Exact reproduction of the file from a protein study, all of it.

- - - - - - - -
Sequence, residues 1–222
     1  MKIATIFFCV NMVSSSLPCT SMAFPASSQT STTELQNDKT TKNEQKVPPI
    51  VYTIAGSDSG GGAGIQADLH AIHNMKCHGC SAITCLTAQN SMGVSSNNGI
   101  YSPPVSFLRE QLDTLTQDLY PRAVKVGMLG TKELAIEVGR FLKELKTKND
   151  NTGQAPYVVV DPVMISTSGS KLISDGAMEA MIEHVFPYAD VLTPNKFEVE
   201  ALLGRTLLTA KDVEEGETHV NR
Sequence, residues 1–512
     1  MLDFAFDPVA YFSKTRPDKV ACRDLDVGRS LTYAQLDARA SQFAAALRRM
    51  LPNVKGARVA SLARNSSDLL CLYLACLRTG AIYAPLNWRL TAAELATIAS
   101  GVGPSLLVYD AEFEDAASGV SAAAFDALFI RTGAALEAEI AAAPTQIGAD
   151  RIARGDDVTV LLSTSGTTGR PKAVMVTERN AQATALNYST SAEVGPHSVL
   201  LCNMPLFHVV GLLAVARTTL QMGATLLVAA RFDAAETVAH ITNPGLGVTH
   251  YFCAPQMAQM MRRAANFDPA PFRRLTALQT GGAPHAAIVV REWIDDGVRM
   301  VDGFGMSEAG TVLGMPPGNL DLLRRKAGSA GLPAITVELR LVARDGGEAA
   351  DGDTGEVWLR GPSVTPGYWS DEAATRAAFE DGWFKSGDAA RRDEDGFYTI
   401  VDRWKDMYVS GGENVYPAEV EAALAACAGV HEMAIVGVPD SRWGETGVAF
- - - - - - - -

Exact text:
Sequence, residues 1–222
     1  MKIATIFFCV NMVSSSLPCT SMAFPASSQT STTELQNDKT TKNEQKVPPI
    51  VYTIAGSDSG GGAGIQADLH AIHNMKCHGC SAITCLTAQN SMGVSSNNGI
   101  YSPPVSFLRE QLDTLTQDLY PRAVKVGMLG TKELAIEVGR FLKELKTKND
   151  NTGQAPYVVV DPVMISTSGS KLISDGAMEA MIEHVFPYAD VLTPNKFEVE
   201  ALLGRTLLTA KDVEEGETHV NR
Sequence, residues 1–512
     1  MLDFAFDPVA YFSKTRPDKV ACRDLDVGRS LTYAQLDARA SQFAAALRRM
    51  LPNVKGARVA SLARNSSDLL CLYLACLRTG AIYAPLNWRL TAAELATIAS
   101  GVGPSLLVYD AEFEDAASGV SAAAFDALFI RTGAALEAEI AAAPTQIGAD
   151  RIARGDDVTV LLSTSGTTGR PKAVMVTERN AQATALNYST SAEVGPHSVL
   201  LCNMPLFHVV GLLAVARTTL QMGATLLVAA RFDAAETVAH ITNPGLGVTH
   251  YFCAPQMAQM MRRAANFDPA PFRRLTALQT GGAPHAAIVV REWIDDGVRM
   301  VDGFGMSEAG TVLGMPPGNL DLLRRKAGSA GLPAITVELR LVARDGGEAA
   351  DGDTGEVWLR GPSVTPGYWS DEAATRAAFE DGWFKSGDAA RRDEDGFYTI
   401  VDRWKDMYVS GGENVYPAEV EAALAACAGV HEMAIVGVPD SRWGETGVAF